What is it about trains?
More precisely, what is it about "toy" trains that draws grown men together amid 25,000 square feet of working train layouts, to snap photos and spend hard-earned money on everything from miniature locomotives to rail-side trees and shacks?
Hundreds crowded the Great Scale Model Train Show at the Maryland State Fairgrounds yesterday to do just that.
"It's not a hobby if you're not throwing money away," quipped Walt Muren.
But Muren wasn't there to spend. He arrived early to help set up and run the model layout built by members of the Four County Society of Model Engineers.
A housing finance policy writer from Frederick, Muren grew up around trains in Missouri, and never got them out of his system.
"We lived down the street from the station," he recollected yesterday. "I'd go up and wait for the trains to go by. After a while, the station master let me stop the train."
Where he grew up in Webster Groves, Mo., in the '50s, they used a lantern to tell the engineers there were passengers waiting to board, he said. "You had to get out in front and wave a lantern from side to side. That was something." He figures he was 9 or 10 at the time.
Now 60, Muren has rediscovered his love of trains as a member of the society, which has expanded beyond its original base in Carroll, Howard, Montgomery and Frederick counties.
It includes 43 people, from their 20s to their 80s (including a few women), who share a fascination with trains. They combine their varied skills to create a landscape designed to evoke Western Maryland in the late summer of 1955.
They bring it all together four times a year for shows at the fairgrounds, and for Christmas displays, when they can find a willing location.
The club had 220 feet of track and landscapes on display in the Cow Palace yesterday. It was built by individual club members in 4-foot-by-2-foot "modules." Each is crafted to precise standards so that all the sections can be assembled and bolted together, ready to run in any configuration with common wiring and electronic controls.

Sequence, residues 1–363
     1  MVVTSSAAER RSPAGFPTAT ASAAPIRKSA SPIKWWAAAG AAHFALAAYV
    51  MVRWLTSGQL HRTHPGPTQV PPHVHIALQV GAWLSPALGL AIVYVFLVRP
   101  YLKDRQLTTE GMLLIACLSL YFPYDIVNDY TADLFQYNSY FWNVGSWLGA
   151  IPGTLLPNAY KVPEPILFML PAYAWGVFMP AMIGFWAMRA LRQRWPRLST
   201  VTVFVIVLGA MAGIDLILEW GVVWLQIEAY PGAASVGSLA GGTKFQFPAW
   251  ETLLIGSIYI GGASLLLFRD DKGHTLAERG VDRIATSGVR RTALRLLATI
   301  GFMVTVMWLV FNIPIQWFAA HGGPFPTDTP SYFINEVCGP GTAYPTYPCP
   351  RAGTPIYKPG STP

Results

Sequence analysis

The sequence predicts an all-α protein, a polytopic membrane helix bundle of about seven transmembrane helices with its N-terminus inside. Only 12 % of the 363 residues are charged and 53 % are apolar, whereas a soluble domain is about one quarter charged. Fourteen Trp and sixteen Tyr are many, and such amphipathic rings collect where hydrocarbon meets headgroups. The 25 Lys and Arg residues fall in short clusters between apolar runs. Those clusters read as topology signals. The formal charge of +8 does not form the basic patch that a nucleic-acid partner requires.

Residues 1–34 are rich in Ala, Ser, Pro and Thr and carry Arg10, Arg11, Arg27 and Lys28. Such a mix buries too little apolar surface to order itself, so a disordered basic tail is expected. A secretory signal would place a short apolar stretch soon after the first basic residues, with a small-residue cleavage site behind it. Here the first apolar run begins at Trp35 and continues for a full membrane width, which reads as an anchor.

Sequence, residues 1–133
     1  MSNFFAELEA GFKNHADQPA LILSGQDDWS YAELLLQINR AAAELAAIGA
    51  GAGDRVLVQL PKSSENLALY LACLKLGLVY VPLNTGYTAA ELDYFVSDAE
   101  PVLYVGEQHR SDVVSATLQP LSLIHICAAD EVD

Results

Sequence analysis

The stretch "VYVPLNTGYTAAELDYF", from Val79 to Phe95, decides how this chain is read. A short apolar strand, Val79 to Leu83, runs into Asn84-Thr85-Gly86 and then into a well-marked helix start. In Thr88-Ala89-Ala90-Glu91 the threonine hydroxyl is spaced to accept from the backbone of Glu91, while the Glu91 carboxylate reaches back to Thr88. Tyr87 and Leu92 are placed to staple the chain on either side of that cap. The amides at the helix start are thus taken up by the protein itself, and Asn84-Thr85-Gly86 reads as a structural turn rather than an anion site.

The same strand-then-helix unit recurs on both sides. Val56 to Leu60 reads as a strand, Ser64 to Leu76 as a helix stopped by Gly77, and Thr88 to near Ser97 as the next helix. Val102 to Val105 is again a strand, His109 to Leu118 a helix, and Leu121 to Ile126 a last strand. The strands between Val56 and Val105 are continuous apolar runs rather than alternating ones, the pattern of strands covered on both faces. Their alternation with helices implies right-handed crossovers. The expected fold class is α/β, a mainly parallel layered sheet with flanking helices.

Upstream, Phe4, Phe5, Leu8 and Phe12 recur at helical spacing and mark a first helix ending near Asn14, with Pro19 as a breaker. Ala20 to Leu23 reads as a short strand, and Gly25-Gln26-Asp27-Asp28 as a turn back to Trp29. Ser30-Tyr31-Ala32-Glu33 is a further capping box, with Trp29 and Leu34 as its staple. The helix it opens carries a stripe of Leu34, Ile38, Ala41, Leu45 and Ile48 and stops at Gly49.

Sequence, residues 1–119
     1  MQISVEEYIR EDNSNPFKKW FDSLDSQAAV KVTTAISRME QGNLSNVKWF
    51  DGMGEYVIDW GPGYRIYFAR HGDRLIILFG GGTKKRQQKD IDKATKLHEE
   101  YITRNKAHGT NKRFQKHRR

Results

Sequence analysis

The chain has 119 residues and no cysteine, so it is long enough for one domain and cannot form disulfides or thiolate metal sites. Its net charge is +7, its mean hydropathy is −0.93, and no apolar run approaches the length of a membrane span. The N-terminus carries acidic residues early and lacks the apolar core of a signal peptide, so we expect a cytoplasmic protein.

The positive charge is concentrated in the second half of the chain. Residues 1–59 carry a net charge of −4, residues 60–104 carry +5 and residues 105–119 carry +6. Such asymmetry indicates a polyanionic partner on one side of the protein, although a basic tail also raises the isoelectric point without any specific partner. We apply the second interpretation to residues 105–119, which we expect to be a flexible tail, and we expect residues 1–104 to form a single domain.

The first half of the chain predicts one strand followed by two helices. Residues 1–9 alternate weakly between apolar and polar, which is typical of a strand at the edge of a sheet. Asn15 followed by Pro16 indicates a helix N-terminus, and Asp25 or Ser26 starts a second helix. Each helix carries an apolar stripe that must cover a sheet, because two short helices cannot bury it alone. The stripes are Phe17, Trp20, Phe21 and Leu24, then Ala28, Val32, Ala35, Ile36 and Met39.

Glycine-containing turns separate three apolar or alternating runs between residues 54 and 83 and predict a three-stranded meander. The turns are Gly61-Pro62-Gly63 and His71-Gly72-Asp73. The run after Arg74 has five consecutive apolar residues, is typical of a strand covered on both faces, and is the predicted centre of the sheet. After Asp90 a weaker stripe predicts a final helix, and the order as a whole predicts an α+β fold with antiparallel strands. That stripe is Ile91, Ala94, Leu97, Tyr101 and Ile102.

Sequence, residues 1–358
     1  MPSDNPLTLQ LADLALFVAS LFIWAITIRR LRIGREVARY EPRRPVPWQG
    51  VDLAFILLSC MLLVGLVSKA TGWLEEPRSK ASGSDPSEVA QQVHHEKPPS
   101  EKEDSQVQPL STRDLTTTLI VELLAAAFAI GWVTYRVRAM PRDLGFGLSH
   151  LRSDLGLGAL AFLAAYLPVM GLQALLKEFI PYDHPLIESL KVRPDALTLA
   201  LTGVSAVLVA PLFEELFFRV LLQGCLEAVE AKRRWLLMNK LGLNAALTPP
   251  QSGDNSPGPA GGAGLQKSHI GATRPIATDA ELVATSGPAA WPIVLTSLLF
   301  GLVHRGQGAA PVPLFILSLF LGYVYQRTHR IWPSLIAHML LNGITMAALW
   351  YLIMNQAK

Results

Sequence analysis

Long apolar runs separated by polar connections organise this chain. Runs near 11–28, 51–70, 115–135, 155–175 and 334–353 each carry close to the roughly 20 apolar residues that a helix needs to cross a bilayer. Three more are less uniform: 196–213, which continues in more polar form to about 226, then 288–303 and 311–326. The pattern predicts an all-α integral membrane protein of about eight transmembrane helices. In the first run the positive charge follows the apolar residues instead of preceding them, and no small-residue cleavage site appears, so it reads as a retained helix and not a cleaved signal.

Muren's four sections include a rail-side brick warehouse, an icehouse, an auto dealership, a bank, an auto junkyard and an unfinished strip of Main Street storefronts. Some are built from scratch, some from kits.
"I can't paint. I can't sculpt," he said. "This is my art. This is my pallet."
Suzette Pierpont, a Germantown hair stylist who says she's the club "mascot," joined with her husband, Gerry.
"I always loved trains," she said. But when her brother got model trains as a kid, her family "wouldn't let me play." Now she can: "When you get older, you can do what you want."
She's researching plans to build a 1950s drive-in theater for the display.
Around the bend from Muren's little town, Charlie Bullinger proudly displayed the lonely wooden coaling tower he built - from scratch - on his section. It's modeled after one in Illinois, dating to the 1920s.
"It took me a year to build," he said proudly. He used lumber the size of toothpicks, each piece precisely cut and individually stained for greater realism.
Bullinger, 81, of Ellicott City grew up with model trains. "My mother and father always had a train layout, a Christmas garden," he said. But it's more than that.
He grew up to be a piping designer, working for more than 42 years on ships and power plants. "I love anything mechanical," he said, especially a smooth-running steam engine.
His membership in the Four County Society of Model Engineers and his seniority have made him a teacher and a student.
An expert in the repair of fine brass locomotives, he was sought out - until he "retired" - by hobbyists across the country. And he's been learning the fine points of modern "digital command controls," which have brought some model trains into the computer age.
That's the beauty of the 20-year-old club, said Jay Voight, 50, of Westminster. Members include a doctor, a building inspector, teachers, government bureaucrats and many others. And each brings a particular skill set or interest to the whole.
They hold monthly meetings and workshops to share their expertise in such things as carpentry, electricity, computer programming, even tree-making and the "weathering" of train cars to make new ones look old.
But "you don't have to know anything about trains to join the club," Voight said. "Every member is willing to take the time to teach you how to do it, to advise."
Mostly, he said, "it's just a lot of friendship."
For more information about the Four County Society of Model Engineers, visit www.fcsme.org.